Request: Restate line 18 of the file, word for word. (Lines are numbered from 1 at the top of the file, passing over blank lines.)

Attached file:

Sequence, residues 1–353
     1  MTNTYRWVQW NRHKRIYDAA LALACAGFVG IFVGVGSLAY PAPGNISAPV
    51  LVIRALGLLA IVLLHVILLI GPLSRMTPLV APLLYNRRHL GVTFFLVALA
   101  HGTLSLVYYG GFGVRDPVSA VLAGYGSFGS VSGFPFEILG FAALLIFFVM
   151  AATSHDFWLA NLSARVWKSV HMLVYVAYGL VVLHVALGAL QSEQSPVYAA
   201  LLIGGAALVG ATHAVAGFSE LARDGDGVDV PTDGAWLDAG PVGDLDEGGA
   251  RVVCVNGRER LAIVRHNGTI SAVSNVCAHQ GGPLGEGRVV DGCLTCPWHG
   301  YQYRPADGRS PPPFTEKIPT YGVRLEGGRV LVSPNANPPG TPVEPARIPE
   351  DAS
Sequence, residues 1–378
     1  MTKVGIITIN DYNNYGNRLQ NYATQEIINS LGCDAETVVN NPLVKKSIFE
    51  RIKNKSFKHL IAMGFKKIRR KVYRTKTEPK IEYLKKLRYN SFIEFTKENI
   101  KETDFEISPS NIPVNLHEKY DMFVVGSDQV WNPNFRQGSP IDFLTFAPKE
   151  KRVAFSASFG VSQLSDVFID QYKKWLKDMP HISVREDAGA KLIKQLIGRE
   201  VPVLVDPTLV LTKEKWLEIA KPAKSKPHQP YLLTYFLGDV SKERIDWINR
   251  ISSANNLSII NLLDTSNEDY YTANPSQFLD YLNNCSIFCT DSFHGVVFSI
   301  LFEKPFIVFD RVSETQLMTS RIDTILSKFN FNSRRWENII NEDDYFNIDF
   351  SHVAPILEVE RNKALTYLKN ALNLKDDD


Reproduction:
   351  SHVAPILEVE RNKALTYLKN ALNLKDDD